SUPERHOT: Switch Review


An eager hacker, a DOS interface and hundreds of hostile red guys. SUPERHOT's Switch announcement came as a big surprise to anyone who watched August's Nintendo Direct, and it might just be one of the platform's hottest releases of the season.

You are a hacker who receives a leaked copy of superhot.exe, a 'game within a game' where you have to take down waves of enemies in a series of unconnected levels. The catch? Time only moves when you do, meaning other characters will remain frozen while you stand still and can only move in tandem with you. The point of SUPERHOT is to utilise whatever is available to you. Disarm enemies by throwing nearby objects at them. Use their own firearms or melee weapons against them, all while dodging every single bullet that heads your way.

The system itself, which talks to you periodically throughout the story and warns you against becoming addicted to the game, bears sinister allusions to HAL9000 from 2001: A Space Odyssey—a menacing, self-aware AI that uses the player for its own malicious plans—and the story of SUPERHOT progresses as you become ensnared by it.



These stages use a brutalist design, with many rooms encompassing a blocky, monolithic appearance. Everything is white but the enemies, which have a bright red aesthetic to set them apart from their surroundings. The levels get complicated as the game progresses, and unlocking the mystery of superhot.exe causes the opposition to become more powerful. Moving slowly is crucial to dodging and deflecting every incoming attack as it gives you time to think about your next move. Clearing a stage rewards you with a replay of the session at regular speed, amplifying the action and making it feel like a 'badass simulator' as you watch yourself cut through each enemy wave with ease.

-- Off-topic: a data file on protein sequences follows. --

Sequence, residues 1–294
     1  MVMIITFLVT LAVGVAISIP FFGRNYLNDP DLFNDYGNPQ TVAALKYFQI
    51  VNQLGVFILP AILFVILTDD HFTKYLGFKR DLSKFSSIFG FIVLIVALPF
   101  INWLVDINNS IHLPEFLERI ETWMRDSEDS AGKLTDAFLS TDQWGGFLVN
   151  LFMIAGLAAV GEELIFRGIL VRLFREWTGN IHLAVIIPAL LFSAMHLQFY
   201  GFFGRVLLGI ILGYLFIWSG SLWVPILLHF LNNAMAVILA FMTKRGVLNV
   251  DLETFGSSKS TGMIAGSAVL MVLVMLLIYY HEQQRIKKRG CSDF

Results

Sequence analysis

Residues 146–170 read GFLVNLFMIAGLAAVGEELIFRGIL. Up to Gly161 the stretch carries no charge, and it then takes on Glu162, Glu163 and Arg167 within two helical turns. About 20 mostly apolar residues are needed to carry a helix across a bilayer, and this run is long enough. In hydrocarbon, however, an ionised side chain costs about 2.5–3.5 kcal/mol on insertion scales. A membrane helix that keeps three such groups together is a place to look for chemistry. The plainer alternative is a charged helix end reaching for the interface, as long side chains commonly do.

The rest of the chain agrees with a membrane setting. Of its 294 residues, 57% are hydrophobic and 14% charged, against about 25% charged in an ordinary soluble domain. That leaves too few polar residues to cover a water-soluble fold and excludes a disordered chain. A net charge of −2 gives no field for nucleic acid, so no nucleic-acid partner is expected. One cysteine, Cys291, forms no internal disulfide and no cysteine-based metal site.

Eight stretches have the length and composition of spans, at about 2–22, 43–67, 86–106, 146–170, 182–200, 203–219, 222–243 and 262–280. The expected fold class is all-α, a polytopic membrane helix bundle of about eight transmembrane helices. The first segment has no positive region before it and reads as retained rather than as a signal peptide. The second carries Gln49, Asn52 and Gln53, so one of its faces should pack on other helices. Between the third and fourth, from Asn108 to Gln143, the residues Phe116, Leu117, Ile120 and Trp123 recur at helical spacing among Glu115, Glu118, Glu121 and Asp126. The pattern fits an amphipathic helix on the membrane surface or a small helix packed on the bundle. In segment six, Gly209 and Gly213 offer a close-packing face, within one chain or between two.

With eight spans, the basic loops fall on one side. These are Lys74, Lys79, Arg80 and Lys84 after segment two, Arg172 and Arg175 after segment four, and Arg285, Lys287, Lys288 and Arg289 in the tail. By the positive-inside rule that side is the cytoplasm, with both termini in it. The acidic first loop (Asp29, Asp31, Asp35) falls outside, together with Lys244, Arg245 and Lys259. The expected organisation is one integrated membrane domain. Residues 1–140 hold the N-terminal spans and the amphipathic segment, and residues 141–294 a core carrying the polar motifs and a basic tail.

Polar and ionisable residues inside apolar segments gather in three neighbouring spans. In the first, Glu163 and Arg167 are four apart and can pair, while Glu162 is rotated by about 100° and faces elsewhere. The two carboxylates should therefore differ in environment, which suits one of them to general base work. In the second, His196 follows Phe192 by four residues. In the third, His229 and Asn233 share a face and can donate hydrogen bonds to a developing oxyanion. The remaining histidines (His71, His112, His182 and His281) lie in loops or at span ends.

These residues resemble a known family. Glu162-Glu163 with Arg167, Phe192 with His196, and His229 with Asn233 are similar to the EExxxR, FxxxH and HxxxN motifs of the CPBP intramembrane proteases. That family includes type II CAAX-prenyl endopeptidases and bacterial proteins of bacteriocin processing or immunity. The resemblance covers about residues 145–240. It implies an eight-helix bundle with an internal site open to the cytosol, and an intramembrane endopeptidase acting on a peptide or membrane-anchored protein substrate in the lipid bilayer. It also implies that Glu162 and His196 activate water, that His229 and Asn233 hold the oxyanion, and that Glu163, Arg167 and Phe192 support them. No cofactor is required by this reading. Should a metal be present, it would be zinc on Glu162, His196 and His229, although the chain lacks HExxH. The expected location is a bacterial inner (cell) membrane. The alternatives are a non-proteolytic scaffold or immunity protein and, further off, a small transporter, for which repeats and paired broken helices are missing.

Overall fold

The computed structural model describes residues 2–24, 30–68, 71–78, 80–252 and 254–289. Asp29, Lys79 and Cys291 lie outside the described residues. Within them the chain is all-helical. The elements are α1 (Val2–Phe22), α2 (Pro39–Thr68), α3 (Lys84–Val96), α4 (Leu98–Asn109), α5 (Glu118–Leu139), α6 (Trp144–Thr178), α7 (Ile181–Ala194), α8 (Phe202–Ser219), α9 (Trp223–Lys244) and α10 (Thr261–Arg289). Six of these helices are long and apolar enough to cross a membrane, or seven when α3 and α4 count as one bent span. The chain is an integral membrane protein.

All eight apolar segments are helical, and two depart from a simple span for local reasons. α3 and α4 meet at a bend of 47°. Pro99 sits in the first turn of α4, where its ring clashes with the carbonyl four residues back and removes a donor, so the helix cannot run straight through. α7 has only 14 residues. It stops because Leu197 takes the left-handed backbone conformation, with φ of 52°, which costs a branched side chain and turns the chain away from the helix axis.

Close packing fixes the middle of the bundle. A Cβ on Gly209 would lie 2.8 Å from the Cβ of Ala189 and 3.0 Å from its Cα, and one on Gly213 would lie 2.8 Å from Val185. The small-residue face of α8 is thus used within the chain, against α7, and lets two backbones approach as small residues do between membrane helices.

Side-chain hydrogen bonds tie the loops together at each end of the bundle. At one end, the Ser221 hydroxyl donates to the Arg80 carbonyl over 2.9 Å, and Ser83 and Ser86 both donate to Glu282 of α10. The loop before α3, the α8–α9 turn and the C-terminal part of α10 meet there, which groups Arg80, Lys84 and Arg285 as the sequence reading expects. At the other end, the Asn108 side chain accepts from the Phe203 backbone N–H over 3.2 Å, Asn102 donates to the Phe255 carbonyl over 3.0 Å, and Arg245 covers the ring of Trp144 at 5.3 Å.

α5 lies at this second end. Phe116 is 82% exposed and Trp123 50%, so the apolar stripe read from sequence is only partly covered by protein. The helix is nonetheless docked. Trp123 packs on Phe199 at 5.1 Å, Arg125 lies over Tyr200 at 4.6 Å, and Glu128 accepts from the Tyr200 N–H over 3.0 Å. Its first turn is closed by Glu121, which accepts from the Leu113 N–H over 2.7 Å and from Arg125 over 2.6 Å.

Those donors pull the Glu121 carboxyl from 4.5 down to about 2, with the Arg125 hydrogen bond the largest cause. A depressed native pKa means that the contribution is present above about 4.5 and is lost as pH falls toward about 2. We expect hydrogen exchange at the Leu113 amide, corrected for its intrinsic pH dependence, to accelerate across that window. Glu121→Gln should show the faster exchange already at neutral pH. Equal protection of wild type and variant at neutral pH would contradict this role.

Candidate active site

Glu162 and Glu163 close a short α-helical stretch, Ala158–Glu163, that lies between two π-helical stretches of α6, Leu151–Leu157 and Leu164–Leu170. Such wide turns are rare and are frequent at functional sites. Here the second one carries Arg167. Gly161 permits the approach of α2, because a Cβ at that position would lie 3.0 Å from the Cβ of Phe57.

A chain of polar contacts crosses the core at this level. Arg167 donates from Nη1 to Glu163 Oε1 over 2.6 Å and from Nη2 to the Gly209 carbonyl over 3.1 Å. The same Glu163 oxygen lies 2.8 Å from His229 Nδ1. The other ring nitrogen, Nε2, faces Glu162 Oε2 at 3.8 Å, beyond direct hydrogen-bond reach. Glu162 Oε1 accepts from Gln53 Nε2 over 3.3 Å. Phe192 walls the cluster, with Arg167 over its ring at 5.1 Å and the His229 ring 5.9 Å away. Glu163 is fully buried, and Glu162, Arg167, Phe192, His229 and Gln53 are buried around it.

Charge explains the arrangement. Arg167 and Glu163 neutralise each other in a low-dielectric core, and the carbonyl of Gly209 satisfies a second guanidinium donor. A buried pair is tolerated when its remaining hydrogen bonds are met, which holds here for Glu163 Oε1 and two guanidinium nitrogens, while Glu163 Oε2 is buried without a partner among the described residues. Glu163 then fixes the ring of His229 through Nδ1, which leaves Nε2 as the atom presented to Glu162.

The story itself takes around two hours to beat, but there are also challenge modes to tackle once you've finished. These are bonus stages that might restrict you to a certain weapon or have you complete a course within a time limit. For further replayability, there's also an Endless mode that lets you fight as many enemies as you can in a randomly generated order. I'd say these modes give the game an extra breath of life that would otherwise be absent, as replaying the story can become stale rather quickly.

Despite releasing three years later, SUPERHOT on Nintendo Switch is a competent mirror to its counterparts on other systems. The framerate isn't always perfectly smooth, but the simple aesthetics and slow-paced gameplay lend itself well to a portable screen. Aiming with Joy-Con can feel uneven—as with many shooters on the platform—so the developer also added gyro support to allow for extra precision when aiming. It works fine as an aide to the more finicky aspects of the controls.



As a short but sweet experience with a groundbreaking concept, SUPERHOT quickly became one of the more innovative shooters of the last few years. With each level acting as a bite-sized action setpiece, it's a welcome addition to the Switch's ever-growing library of indie titles that allow you to pick up and play whenever you have ten minutes to kill. While the game's roguelite sequel is still in Early Access on PC, it would be exciting to see a fanbase for this series grow on the Switch.
Disclosure: SUPERHOT was supplied by Evolve PR.
Reviewed on: Nintendo Switch

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